4

I bought one today, and I kid you not, it still had its pricetag. R149 - that is South African Rand. In those days the ZAR was trading at R1 to the USD.


4

The most common causes of internal haze in lenses can be divided into three main areas: Surface contaminants. Oil, grease, heavy dust, or even a thumbprint left by a careless technician. Fungus. This can usually be identified by the 'spiderweb' patterns. Balsam Separation. Pine balsam was once the primary material used to bond multiple lens elements ...


4

Looks like fungus to me. You can try to clean it off but it may well have affected the coating and/or etched the glass. It looks like it's in the dead center of the rear element so it may affect contrast and/or image sharpness, perhaps more noticeably at small apertures. Run a roll through it and take shots at various apertures and lighting situations. That'...


4

The essence of the trick is to stand in exactly the same place. This may require some trial & error. Perspective will be your single biggest issue. You can only match perspective by observing from the exact same point. If from that point you cannot encompass the field of view of the original, then you need to either crop to your new border, or use a ...


3

I've got some experience with "found film" -- it's a lot of fun. First, don't expect much; film that stood in the camera, potentially for decades, is likely to be heavily fogged and show mottling and/or wrapper offset (where the ink on the backing has fogged the emulsion in contact with it on the supply and takeup spools). Second, you'll likely ...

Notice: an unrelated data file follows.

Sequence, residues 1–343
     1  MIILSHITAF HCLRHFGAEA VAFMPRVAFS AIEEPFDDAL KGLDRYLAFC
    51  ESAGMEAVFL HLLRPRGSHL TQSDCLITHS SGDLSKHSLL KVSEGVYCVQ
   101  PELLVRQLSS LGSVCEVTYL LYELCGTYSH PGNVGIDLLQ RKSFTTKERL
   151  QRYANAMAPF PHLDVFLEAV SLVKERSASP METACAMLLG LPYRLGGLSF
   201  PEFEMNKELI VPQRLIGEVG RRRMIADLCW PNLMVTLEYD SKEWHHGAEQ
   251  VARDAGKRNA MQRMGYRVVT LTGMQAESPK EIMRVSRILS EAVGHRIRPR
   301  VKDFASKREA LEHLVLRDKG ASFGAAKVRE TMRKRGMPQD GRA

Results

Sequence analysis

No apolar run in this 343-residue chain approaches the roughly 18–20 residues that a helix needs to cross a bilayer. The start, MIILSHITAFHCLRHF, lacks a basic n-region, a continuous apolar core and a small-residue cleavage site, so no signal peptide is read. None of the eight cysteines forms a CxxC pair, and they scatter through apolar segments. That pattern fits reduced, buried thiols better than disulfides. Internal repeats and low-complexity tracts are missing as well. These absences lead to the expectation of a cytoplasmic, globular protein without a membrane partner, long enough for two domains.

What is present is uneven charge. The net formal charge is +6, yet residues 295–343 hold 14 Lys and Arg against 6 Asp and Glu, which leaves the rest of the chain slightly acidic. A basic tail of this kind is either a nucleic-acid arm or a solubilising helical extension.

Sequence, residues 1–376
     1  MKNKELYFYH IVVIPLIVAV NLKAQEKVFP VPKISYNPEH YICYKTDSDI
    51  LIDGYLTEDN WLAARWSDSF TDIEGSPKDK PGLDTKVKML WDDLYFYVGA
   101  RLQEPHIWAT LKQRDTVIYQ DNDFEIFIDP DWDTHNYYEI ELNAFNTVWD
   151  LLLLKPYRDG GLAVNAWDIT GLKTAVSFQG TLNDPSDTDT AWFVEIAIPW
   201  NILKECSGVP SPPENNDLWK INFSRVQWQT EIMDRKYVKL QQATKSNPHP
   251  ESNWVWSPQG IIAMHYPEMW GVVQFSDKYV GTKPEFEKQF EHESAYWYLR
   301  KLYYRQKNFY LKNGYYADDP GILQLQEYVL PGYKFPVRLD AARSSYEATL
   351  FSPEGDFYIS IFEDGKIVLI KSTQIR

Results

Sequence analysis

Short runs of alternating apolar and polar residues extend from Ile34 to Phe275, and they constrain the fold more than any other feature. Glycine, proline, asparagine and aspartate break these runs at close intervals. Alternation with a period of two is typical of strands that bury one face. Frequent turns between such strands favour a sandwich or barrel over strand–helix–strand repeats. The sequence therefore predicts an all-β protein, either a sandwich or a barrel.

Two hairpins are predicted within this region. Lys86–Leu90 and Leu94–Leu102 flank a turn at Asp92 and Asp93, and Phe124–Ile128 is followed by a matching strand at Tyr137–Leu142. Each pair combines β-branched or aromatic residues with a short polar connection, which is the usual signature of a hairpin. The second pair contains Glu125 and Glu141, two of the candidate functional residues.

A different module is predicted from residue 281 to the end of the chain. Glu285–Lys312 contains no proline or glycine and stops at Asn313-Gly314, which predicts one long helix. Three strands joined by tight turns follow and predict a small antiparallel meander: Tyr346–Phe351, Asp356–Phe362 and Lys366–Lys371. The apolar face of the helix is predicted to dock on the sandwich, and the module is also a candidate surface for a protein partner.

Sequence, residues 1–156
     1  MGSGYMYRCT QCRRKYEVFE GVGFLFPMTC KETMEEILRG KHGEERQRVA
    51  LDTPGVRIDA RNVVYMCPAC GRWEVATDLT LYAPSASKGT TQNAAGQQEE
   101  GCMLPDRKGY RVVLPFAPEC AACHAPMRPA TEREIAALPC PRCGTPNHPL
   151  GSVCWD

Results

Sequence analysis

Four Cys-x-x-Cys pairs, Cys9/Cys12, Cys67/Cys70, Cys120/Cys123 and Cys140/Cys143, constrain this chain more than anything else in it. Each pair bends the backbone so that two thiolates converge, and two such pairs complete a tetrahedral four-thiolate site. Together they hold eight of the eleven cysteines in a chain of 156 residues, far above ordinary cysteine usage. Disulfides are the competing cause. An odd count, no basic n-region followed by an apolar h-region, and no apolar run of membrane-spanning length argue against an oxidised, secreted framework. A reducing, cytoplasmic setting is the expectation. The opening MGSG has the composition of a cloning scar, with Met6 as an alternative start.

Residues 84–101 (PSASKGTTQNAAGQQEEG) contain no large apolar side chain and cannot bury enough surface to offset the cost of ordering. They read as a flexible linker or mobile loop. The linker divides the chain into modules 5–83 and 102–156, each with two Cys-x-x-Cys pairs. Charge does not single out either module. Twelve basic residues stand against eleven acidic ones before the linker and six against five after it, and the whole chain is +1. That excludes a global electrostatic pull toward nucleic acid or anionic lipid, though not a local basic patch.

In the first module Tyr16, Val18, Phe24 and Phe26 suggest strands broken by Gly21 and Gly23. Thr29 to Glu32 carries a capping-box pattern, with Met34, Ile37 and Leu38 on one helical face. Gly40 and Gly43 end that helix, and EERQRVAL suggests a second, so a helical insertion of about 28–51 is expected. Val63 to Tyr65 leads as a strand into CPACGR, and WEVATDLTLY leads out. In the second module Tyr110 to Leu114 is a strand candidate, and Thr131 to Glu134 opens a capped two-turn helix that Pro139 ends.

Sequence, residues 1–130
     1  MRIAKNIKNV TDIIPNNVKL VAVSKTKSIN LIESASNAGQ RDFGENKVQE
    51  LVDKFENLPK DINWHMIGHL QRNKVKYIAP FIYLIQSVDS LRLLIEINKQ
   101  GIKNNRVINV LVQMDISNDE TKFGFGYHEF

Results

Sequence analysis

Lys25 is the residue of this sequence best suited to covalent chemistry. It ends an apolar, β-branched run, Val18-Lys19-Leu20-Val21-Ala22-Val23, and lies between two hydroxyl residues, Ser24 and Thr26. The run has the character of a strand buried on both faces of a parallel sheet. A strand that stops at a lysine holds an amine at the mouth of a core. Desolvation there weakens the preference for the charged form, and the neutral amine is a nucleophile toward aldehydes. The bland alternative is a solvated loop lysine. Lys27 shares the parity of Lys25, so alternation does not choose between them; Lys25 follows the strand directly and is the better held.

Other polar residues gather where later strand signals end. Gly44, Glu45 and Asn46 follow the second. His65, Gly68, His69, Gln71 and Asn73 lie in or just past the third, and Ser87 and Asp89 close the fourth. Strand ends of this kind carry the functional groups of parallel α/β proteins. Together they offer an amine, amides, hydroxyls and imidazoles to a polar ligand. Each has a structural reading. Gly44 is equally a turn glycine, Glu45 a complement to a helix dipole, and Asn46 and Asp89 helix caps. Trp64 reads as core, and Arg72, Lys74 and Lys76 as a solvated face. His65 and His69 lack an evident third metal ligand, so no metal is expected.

2

On internal elements: Vaporized and condensed lubricants from aperture mechanisms, leaf shutters and other lens mechanics. Sometimes, other liquids that got inside and got trapped/washed stuff onto glass surfaces/left a residue (eg fleamarket lenses that got wet or suffered condensing moisture). On external surfaces: Urban air pollution, tobacco or other ...


2

Shooting tethered with a representation of the original image as an overlay is an option for any camera that allows tethered capture with live view.


2

This solution has two aspects to it: Taking the photograph from the exact same location, perspective, angle. Overlaying the photograph in post on the reference image. Taking the photograph Using an overlay will help you find the right camera position and focal length to match the reference image. You don't mention which camera you will use for the photo, ...


2

A very late update: 127 film is now available, new, in both color and black and white, from Rera (Rerapan, ISO 100 B&W, and Rerachrome, ISO 100 color negative despite the name); it's available from B&H Photo and Film Photography Project. Frugal Photographer also offers at least two color print emulsions in 127 (this is the Canadian-packaged Bluefire ...


Only top voted, non community-wiki answers of a minimum length are eligible